Saint Helena Labour Party
|Saint Helena Labour Party|
|General Secretary||G. A. D. Thornton|
|Headquarters||P.O. Box 34, Jamestown, Saint Helena|
|Legislative Council of Saint Helena (1976)|
|Politics of Saint Helena
The Saint Helena Labour Party was a political party on the island of Saint Helena (a British crown colony). Despite the shared name with many leftist parties across the world, it followed right-wing libertarian policies. The party was founded in 1974. The party opposed dependence on British economic aid, whilst advocating private enterprise as opposed to a supposedly government-dominated economy. The party supported closer links with South Africa.
The founding of the party had been preceded by a controversy regarding the purchase of the Solomon & Co. enterprise (a local trading company) by the South African concern South Atlantic Trade and Investment Company (SATIC). The British government had taken over the SATIC operations in Saint Helena, fearing South African dominance over the local economy. The founder of the party was G. A. D. 'Tony' Thornton, a businessman of dual South African and British nationality. Thornton served as the general secretary of the party. The Saint Helena Labour Party was the first opposition party on the island.
In November 1975 the party published a document, authored by Thornton, titled 'The St. Helena Manifesto'. The 34-page document criticised the policies of British authorities and accused the government of Saint Helena of neglecting the interests of the island. The manifesto charged that the 1974–1979 development plan was a blueprint for underdevelopment and depopulation of the island. The party argued against public health care and education, and called for developing local industries and exports. Thornton's positions were met with criticism from the Saint Helena government, discarding the economic policies of the Saint Helena Labour Party as unrealistic.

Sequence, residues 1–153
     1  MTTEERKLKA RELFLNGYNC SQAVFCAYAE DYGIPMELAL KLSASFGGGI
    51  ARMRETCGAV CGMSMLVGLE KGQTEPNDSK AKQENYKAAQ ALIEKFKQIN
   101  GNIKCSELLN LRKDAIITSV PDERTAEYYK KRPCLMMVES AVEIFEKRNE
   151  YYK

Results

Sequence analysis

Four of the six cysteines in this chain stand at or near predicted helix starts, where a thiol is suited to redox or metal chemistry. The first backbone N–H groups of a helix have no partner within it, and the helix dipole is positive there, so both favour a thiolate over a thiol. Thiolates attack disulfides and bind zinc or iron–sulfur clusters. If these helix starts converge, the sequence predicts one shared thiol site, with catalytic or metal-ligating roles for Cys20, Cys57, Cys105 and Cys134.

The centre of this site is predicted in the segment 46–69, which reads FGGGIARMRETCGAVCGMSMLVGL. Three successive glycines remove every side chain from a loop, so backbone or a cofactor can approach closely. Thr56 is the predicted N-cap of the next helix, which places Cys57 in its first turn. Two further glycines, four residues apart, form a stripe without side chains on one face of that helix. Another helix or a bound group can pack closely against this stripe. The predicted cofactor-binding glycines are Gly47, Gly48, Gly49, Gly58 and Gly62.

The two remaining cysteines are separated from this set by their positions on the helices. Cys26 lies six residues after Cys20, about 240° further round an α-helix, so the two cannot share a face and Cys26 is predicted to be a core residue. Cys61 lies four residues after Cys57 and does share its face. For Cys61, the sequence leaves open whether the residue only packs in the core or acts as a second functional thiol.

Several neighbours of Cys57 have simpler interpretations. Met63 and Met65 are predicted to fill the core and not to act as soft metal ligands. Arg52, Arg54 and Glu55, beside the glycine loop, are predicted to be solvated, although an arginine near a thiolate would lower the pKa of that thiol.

In December 1975 the British governor Sir Thomas Oates decided to deport Thornton from Saint Helena. The expulsion caused an uproar amongst the inhabitants of the island. The political life of Saint Helena was divided into pro- and anti-Thornton camps, with demonstrations, petitions, public meetings and court cases.
After his expulsion, Thornton continued to try to rally support for the Saint Helena Labour Party. The party contested the 1976 election to the Legislative Council of Saint Helena. The party failed to win any seats, though. The party appears to have been become defunct in the same year, at a similar point in time as its pro-British adversary the Saint Helena Progressive Party.
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